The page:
When was the last time you feared you would fail? A recent survey found that fear of failure plagued 31% of 1,083 adult respondents – a larger percentage than those who feared spiders (30%), being home alone (9%) or even the paranormal (15%). It seems ‘fear of failure’ is key to consider when it comes to the source of our phobias/fears.
Fear can show up in various ways, from a simple dialogue – that persistent voice at the back of your head – to a feeling of nausea or the sensation of cold water running down the spine. Some common fear-related internal dialogues in the workplace include:
- “I’m scared I am going to fail.”
- “I am a failure!”
- “How did I let this happen?”
- “I hope I don’t make mistakes.”
- “I fear they won’t like me.”
How does fear of failure show up for you?
What happens when you become aware of that inner voice, feeling or sensation? Does it cause you to freeze or not progress with your decisions and actions? Perhaps it prevents you from contacting a client or calling a team meeting, and you find excuses to put them off. Consequently, revenue declines, profitability reduces, and projects don't get delivered to the detriment of client satisfaction and the company's bottom line.
Common practices to deal with fear are:
- Suck it up and get on with it.
- Breathe through the panic.
- Imagine the worst that could happen but move on anyway.
- Look at the evidence and rationalise your way through the situation.
- Don't try to be perfect.
- Visualise a happy place or talk about it with another person.
Some people perceive fear as a weakness. Others advise us to take control of our fear. Adopting this advice might cause us to freeze even more. And then there are those who would have us believe that we should not fear anything and be fearless. However, none of these views on fear aligns with reality.
Being with fear – an ontological approach
According to Ashkan Tashvir, the author of BEING and creator of the Being Framework™, fear is a Mood that is impacted by your anticipation of perceived dangers or threats in different situations. This is not something he made up. It aligns with the transcendent, first layer reality meaning to which the word fear refers. Fear is always related to something particular in the world and always has a distinct object or focus. It is how you ARE with fear – your propensity and capacity to be with fear – that counts.
Fear is primal to all human beings, and we all experience it to varying degrees. It is often associated with taking an unpleasant experience from the past and projecting it into your future. BEING, Ashkan Tashvir: Page 217
What does this mean for you? It means acknowledging that having fear is normal. It is a human emotion and is difficult, if not impossible, to switch off. It is a bit like a sensor in a car. When you switch the ignition on, you see the battery light indicator lighting up on your dashboard. If your car battery is flat, the indicator changes into a warning, allowing you to take action and address it. In the same way, fear is our internal warning light. It is a normal part of our operating system. Rather than ignore it, deny it or overreact to it, we need to pay attention to it and take appropriate action.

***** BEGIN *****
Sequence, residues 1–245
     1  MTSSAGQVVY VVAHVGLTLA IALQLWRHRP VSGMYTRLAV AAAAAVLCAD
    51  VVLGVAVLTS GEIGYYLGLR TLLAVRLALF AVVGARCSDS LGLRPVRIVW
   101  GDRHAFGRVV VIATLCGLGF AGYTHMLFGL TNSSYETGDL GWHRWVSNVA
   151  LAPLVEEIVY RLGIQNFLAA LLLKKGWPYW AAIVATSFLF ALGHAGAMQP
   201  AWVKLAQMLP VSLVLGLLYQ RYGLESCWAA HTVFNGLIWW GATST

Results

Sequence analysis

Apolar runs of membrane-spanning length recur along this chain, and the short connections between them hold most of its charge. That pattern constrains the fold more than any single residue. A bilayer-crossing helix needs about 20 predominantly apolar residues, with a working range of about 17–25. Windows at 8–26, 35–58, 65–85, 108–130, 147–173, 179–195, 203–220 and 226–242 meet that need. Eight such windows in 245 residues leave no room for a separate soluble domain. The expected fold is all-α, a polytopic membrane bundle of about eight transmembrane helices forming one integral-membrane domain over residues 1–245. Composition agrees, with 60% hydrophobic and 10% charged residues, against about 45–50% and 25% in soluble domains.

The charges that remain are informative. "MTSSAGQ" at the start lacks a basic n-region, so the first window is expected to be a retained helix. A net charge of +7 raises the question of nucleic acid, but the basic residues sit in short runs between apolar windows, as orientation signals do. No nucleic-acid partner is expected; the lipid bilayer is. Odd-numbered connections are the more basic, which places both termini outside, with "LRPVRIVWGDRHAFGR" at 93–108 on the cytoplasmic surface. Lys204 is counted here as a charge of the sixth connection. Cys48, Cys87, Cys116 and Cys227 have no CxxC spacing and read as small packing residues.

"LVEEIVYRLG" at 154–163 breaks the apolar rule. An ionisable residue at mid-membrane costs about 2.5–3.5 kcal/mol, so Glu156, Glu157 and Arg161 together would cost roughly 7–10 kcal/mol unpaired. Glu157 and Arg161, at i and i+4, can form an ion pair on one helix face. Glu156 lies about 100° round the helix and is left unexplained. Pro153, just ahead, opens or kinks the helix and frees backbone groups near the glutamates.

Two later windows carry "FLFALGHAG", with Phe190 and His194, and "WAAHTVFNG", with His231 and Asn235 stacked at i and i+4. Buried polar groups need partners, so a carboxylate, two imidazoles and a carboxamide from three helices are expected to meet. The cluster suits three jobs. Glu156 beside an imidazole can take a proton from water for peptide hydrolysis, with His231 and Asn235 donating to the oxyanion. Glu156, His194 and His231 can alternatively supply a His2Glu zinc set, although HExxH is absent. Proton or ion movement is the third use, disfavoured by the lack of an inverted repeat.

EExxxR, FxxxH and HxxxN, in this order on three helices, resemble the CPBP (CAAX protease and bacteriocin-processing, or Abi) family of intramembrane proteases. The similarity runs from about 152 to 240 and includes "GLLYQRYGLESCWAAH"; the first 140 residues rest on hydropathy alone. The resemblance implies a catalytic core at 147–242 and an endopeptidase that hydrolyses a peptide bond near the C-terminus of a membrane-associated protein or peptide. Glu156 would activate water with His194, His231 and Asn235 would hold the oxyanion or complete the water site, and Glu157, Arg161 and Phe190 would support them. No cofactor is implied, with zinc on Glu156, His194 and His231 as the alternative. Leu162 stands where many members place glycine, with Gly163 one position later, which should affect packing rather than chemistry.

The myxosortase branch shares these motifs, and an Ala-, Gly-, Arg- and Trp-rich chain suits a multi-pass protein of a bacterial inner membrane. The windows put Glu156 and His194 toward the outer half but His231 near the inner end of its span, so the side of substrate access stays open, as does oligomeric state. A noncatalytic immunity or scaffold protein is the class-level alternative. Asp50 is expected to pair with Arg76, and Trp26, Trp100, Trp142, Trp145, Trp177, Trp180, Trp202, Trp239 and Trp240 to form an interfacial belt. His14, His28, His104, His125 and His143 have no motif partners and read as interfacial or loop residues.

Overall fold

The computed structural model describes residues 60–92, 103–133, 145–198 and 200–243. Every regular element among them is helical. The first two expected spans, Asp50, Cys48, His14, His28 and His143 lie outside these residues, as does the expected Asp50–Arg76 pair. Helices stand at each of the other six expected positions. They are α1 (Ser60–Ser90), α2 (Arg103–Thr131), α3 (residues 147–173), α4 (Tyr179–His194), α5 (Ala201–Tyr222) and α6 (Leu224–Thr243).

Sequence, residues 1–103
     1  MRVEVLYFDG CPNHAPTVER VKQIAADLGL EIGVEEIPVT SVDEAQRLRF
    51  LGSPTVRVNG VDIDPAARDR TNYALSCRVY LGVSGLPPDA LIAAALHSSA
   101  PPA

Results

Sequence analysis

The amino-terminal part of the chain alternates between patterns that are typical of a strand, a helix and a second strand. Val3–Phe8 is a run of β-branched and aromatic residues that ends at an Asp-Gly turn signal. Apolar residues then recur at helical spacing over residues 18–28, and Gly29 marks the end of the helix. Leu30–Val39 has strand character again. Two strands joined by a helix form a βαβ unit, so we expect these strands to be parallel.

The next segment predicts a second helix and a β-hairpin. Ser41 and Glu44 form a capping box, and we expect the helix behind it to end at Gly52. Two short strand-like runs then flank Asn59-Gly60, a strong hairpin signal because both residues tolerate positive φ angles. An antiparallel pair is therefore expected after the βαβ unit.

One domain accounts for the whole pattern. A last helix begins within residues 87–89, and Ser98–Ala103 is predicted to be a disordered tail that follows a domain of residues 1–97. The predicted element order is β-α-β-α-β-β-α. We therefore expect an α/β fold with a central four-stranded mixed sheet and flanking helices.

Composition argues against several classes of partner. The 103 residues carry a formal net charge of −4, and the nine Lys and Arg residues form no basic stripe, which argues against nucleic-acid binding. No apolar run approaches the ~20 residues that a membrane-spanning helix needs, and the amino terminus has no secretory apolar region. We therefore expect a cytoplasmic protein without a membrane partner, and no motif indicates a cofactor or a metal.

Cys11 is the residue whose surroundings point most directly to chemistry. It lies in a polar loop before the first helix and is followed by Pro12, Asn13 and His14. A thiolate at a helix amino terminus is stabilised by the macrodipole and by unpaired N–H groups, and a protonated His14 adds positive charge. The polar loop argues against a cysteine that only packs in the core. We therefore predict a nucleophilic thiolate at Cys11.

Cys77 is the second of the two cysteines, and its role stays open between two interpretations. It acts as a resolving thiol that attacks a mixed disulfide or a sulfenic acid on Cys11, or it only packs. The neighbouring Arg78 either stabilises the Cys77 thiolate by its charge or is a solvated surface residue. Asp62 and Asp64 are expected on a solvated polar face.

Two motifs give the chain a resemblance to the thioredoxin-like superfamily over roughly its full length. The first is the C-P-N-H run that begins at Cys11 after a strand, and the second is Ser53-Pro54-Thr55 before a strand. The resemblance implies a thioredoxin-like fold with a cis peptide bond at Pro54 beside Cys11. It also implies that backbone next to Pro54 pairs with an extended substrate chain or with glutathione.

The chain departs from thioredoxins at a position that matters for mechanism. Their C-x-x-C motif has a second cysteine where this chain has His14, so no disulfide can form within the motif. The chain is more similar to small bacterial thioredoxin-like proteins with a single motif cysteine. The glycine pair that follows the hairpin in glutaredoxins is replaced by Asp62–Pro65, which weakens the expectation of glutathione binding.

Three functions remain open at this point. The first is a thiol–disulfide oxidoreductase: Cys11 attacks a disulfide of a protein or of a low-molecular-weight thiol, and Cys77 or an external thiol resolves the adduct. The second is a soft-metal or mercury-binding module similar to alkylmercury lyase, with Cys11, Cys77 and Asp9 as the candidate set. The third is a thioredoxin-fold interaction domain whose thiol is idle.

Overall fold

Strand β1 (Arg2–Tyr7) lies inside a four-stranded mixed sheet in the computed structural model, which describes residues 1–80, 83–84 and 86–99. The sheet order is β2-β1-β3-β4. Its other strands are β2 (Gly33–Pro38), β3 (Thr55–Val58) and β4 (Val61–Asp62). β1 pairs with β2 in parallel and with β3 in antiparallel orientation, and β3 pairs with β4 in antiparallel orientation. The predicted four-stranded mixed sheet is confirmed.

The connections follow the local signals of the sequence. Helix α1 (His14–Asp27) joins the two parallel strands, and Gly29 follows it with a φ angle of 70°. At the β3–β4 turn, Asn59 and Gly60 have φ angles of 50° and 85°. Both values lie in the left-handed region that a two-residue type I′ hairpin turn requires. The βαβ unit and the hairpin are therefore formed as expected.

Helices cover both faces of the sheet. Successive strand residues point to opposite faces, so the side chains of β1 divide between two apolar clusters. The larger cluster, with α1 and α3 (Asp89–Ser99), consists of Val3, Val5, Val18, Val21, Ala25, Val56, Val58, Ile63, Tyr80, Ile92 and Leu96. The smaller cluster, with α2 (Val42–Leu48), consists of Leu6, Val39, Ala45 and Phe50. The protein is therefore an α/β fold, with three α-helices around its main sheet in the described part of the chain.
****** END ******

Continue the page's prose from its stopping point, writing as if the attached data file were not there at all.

What does being with fear look like in a business or organisation or within a team?
A client of mine described her relationship with fear as 'a nasty downwards spiral'. Fear would show up for her whenever she dealt with executives and people of authority at work and with her team. She described the time when she was working on the biggest deal in the company's history. When the Managing Director called for a meeting, she started feeling physically ill. She experienced nausea, breathlessness and brain fog. The voice in her head told her, "The MD will surely call me out as a failure". She was worried that her inability to focus and nervous energy would impact the MD and executives' perception of her.
Once I walked her through her ways of Being during a Being Profile® assessment and debrief and started to coach her, we brought awareness to her experience with fear and how it was driving her. It was a great discovery for her. Back in the office, instead of freezing in the face of fear, she brought up her experience in a conversation with her Managing Director. During the conversation, she discovered he was aware of her competencies but told her she appeared to lack confidence. It was clear to her then that her unhealthy relationship with fear impacted her confidence, even though her performance was stellar. This newfound awareness profoundly impacted her peace of mind. It gave her the courage to step forward, despite the presence of fear, and greater confidence moving forward.
How can you ‘be with’ fear?
- Describe and write down the emotions, feelings, words and images that arise for you regarding fear.
- Determine what it is you can't be with. Is there one particular aspect of it that troubles you most?
- Ask yourself, “What it would look like if I could move towards my objective, even when fear is present?”
- Can you let the emotions, feelings and dialogue in your head or body be and still continue with what you have committed to?
- Notice how it changes as you learn to be with fear.
When we identify, document and reflect on the things that make us fearful, we have access to transform them. We also discover how to deal with the discomfort and uncomfortable feelings and dialogues that come with fear. The next time you find yourself frozen in the face of fear, I encourage you to take this on. Take the opportunity to be with that fear, and explore what it would look like to acknowledge it as part of who you are as a human being.